My enthusiasm for gardening built on my interest in biochar, but we have an even more compelling reason to seek abundant vegetables. When you garden, your sunk costs burden you to recover as much as you can by consuming the fruits (and vegetables) of your labors. Dietary guidelines point out that eating vegetables is key, especially for those plagued by diabetes. Since my wife has that condition and my father contracted it in his demise, gardening may be one of the best things we can do.
Last year's crop brought in enough food to overflow our shelves with canned pickle and tomato products. I expect that to happen again as our soil becomes healthier every year. Biochar is to thank for much of that improvement, but drip irrigation under black plastic sheet, decayed wood chip mulch (fostering more mycelium), cover crops, legume inoculants, double digging, pollinator host plants, forking vice plowing, compost, mycorrhizae additions, crop rotation, keeping soil covered, soil sampling and nutrient adjustment, and opening the canopy for more sunlight all have helped. This year, I am hoping to incorporate Garden Giant mushrooms in planting beds shaded by taller crops such as sorghum, tomatoes, eggplant, and lima beans. These mushrooms, in addition to being deliciously healthy to eat, are helpful to their garden companions' growth and yields.
Another mushroom we are hoping to see more of this year is the oyster. We have been blessed with a patch of this found growing naturally near one of our gardens, and since, have tried to cultivate it on logs in brown, blue, and yellow variations. So far, we have had little luck. I grew some on coffee ground this year, but the yield was very low. With oyster mushrooms, we could receive many benefits to counter diabetes including decreased obesity and regulated blood sugar.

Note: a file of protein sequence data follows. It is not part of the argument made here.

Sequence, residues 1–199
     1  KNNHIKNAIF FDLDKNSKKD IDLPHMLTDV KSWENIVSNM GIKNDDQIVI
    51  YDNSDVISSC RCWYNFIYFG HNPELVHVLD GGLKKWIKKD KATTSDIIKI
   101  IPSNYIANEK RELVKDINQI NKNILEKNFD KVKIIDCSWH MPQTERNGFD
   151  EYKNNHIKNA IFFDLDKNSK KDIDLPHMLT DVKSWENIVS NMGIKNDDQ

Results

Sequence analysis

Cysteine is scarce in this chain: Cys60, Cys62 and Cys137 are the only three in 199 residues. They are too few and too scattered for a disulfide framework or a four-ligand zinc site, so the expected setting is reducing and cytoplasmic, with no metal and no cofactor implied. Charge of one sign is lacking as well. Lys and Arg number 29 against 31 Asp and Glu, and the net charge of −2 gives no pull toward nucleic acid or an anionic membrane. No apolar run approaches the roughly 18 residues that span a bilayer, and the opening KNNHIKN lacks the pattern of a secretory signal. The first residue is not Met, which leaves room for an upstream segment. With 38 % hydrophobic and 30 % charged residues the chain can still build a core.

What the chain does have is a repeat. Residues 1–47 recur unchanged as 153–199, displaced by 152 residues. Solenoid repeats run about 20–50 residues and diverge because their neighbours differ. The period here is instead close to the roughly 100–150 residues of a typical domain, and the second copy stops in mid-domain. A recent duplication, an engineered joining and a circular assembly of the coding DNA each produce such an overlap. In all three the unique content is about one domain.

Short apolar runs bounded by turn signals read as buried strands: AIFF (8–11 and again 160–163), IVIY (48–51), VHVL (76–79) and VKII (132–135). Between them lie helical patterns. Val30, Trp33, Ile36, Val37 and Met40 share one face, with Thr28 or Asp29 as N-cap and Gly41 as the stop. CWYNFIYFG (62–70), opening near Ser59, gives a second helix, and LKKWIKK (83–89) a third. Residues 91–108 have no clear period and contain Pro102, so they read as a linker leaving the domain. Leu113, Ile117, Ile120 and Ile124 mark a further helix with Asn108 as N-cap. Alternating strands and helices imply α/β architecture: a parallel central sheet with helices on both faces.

We inoculated some logs with lion's mane mushroom spawn last year, and would love to see those come to fruition. Lion's mane could help regrow some of the deteriorated nerves in my wife's feet that cause her debilitating pain. If we ever see maitake mushrooms fruit from the buried logs we went to great lengths to cultivate last year, they may also help with blood glucose.
Where we had the most immediate success so far, is shiitake logs. This year should be tremendous for shiitakes with ten times as many logs prepared. By fall, we should be harvesting armloads! Shiitake improves immunity, blood pressure, sugar, cholesterol, the cardiovascular system, and the digestive system. It has antiviral, antibacterial (e.g. strep, staph, candida), and anti-inflammatory qualities. Something new I am trying with shiitakes is to make an alcohol extract from them. This will make certain beneficial compounds available to take in easy spoonfuls, rather than rely on cooking the mushrooms daily.
Local folk who want to hear a bit more about the benefits and methods of cultivating mushrooms are welcome to attend the March meeting of Calvert Eats Local where I will be giving a presentation and sharing a delicious shiitake dish.